He went on to serve, it must be said, with limited distinction in the Wilson and Callaghan Ministries as Postmaster-General (where he notably tried to have the Queen’s head removed from stamps), Minister of Technology, Secretary of State for Industry and Secretary of State for Energy, moving gradually more and more to the Left as he went. He was undoubtedly one of the great iconic figures of the Left in Britain during the ‘70s and ‘80s. Who can forget the character of Sir Humphrey Appleby in the series Yes, Minister, who would denounce things he particularly disliked as “a Bennite solution”? I am possibly biased but, in my view, Lady Thatcher won all the great ideological arguments of the 1980s and Mr Benn’s political outlook has become more and more irrelevant as time has worn on – particularly when Michael Foot retired as Labour leader and was replaced by the moderniser and proto-Blairite Neil Kinnock. He later stood against Mr Kinnock for the Labour leadership, losing by a huge margin. Tony Benn was briefly out of Parliament in 1983 when his Bristol seat was abolished and he lost the new Bristol East seat to Tory Jonathan Sayeed. But he returned to the Commons the following year in a bye-election in Chesterfield to replace the recently ennobled former Labour Employment Secretary, Lord Varley.
The resolutely ‘Old Labour’ stalwart finally retired from the House of Commons in 2001, after fifty years, in his own words; “to spend more time on politics”. A factor in his decision may also have been the tragic death of his beloved wife, Caroline, in 2000. One of the exceptional things about Mr Benn, however, is that he is probably one of the few MPs to have retired from Parliament and actually grown in stature, rather than sunk into obscurity. One other example I can think of is Ann Widdecombe but, while she did it by going on a popular TV show, Mr Benn did it by becoming an elder statesman for the anti-war movement and a pin-up for unwashed Lefty twenty-somethings across the land. The same year he stood down as MP for Chesterfield, he became President of the Stop the War Coalition, a position he retained until his death. He was also a regular on the lecture and public-speaking circuit. I myself heard Mr Benn speak at the London School of Economics some years ago and there is no denying he was an extremely engaging and cerebral speaker. A teetotaller, vegetarian and agnostic, he remained an articulate and enjoyable advocate of naff ideas right to the very end. He was also a prodigious diarist, releasing eight volumes of political diaries.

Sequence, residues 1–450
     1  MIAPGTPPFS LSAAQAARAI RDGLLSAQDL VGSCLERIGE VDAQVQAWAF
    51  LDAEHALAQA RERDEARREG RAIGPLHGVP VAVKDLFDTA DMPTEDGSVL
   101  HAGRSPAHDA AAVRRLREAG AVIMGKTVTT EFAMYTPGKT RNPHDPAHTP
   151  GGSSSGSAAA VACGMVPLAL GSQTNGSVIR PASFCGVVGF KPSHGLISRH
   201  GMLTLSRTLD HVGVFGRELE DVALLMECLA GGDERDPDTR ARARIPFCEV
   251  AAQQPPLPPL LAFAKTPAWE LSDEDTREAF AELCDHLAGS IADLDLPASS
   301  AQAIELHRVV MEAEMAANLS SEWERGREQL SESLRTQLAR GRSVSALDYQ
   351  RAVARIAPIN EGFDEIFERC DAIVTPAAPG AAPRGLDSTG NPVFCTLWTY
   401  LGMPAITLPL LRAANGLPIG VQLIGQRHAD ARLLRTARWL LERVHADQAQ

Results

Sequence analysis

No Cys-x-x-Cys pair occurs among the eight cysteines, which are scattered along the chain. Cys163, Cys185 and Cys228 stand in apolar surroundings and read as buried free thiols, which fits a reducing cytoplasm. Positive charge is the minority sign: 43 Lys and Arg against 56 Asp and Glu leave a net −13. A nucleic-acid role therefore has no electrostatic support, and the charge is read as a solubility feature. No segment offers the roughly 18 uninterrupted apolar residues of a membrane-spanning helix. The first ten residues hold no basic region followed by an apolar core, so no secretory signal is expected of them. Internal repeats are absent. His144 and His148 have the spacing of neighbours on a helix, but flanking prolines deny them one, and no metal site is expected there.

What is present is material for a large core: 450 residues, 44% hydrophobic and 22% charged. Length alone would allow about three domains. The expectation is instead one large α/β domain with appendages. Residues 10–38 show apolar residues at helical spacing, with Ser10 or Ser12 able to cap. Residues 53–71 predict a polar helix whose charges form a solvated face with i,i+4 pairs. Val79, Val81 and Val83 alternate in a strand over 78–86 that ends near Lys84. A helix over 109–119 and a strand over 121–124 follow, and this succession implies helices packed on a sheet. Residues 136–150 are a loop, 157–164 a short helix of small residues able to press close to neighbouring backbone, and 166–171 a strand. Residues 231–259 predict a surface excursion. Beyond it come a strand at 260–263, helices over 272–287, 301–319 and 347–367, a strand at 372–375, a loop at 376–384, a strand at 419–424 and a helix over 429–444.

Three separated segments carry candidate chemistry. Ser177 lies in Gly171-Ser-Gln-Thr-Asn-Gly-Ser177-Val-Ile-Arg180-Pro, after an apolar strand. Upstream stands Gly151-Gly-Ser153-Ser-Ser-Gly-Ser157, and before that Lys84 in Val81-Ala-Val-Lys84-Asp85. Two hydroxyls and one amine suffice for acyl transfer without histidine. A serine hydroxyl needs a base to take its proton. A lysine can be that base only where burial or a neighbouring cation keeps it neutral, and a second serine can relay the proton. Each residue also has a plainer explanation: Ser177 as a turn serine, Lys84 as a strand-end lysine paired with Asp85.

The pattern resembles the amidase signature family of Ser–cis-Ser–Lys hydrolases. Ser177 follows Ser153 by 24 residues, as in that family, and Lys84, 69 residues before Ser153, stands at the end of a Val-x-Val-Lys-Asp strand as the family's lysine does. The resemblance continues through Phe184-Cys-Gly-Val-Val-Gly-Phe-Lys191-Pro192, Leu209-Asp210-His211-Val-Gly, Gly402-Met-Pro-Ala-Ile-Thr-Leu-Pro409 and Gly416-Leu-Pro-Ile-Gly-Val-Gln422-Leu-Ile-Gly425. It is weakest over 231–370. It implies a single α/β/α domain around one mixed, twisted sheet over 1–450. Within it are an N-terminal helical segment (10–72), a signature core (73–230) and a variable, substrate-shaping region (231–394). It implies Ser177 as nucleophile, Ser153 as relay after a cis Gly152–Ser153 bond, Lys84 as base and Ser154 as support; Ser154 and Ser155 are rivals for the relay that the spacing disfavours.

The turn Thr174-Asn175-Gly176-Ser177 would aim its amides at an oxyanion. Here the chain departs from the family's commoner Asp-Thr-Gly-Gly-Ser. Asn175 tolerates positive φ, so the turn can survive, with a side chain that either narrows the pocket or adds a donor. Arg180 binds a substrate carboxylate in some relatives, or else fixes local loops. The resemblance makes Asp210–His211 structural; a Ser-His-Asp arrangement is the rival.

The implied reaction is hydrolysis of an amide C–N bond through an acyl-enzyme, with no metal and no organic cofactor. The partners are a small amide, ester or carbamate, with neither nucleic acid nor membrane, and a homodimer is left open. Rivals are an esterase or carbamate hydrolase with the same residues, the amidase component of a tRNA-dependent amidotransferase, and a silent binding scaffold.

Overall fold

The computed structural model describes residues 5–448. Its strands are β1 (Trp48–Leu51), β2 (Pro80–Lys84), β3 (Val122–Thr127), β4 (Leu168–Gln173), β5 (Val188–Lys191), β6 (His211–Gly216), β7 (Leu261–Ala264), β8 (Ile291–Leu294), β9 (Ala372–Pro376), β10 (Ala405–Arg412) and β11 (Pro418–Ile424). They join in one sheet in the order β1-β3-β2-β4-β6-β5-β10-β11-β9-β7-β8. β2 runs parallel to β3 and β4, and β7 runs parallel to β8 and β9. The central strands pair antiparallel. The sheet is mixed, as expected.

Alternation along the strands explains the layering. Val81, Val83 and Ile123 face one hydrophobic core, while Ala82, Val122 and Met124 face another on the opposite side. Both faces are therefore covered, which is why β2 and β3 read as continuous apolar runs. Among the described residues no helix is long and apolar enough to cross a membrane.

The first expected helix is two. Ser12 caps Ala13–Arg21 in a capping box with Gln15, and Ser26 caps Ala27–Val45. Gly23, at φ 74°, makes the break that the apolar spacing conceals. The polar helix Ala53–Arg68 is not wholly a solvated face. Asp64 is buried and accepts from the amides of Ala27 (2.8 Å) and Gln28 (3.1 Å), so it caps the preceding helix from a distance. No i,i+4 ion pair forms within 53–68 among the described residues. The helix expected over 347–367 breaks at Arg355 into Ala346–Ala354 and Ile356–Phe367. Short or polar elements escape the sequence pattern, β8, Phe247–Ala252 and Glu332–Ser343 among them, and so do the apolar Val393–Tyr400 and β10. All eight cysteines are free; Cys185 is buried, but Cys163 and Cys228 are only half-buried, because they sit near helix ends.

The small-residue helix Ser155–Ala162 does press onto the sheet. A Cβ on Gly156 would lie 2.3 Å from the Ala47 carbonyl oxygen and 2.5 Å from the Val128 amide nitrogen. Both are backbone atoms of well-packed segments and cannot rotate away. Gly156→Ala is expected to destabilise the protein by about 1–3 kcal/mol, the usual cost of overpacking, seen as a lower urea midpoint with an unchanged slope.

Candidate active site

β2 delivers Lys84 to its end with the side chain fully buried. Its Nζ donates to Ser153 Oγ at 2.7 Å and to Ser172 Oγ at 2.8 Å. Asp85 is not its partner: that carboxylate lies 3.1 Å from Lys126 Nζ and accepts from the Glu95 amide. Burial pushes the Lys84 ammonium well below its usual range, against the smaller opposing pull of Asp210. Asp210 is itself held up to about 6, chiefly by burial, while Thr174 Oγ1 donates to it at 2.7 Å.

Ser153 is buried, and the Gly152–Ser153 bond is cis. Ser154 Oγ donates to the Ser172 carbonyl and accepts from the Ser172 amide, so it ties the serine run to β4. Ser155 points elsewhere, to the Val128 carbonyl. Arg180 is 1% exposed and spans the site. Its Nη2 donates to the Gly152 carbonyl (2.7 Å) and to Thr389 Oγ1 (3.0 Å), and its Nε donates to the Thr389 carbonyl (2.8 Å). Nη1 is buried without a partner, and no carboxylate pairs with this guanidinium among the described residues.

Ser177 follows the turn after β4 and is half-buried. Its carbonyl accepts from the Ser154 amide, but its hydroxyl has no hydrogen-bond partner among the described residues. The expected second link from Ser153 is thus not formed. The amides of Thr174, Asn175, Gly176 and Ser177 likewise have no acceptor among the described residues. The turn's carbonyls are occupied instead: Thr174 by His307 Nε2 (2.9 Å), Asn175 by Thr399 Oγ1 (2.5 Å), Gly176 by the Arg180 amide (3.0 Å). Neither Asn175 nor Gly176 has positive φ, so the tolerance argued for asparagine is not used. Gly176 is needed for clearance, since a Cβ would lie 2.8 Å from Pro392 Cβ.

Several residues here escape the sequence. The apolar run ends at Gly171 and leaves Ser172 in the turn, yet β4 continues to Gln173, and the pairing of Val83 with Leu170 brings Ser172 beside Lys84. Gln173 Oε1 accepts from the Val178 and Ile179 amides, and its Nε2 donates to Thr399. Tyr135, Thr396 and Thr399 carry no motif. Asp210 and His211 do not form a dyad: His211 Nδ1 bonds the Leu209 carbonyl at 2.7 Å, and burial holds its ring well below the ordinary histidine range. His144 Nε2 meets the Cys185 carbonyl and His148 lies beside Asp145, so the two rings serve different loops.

The Benn political dynasty also continues. His eldest son, Stephen (incidentally, on his father’s death, now the 3rd Viscount Stansgate), was a member of the Inner London Education Authority in the late-‘80s. His younger son, Hilary, is MP for Leeds Central and served in the Blair-Brown Cabinets. Touchingly, the elder Benn went into the chamber for his son’s maiden speech and wept tears of pride – though, it must be said, Hilary Benn once famously described himself as “a Benn, not a Bennite”. Tony Benn’s granddaughter, Emily, at the age of just 18, was the Labour candidate for East Worthing & Shoreham in the 2010 General Election (the youngest candidate) and is currently a candidate for Croydon Council in upcoming local elections.
Tony Benn once said, “Politician are divided into two categories: signposts and weathercocks. The signposts point the way they think you should go. They may be pointing in the wrong direction and you can choose to follow them or not but, if you come back in a month or a year’s time, they’ll still be pointing in the same direction. A weathercock hasn’t got an opinion – until they’ve studied the polls and the focus groups. I’ve no time for weathercocks; I’ve a lot of time for signposts, regardless of their political direction”.
I thought Tony Benn usually pointed in the wrong direction. Nevertheless, I had a lot of time for him. In an age when so many of our politicians have become dull, identikit clones warbling the same tedious sound-bites and platitudes, Mr Benn, with his pipe clamped firmly between his death, and his soft plummy voice, was a lightening bolt of conviction and steadfastness to his ideological beliefs. Our polity is the poorer now that he is gone but I take comfort in the knowledge he is at last reunited with his beloved wife, to whom he became engaged in 1948, just nine days after they first met. Regardless of our political differences, he was an inspiring individual, a great parliamentary character and someone who, despite our differing political traditions, inspired me to enter politics and fight for the causes I believe in.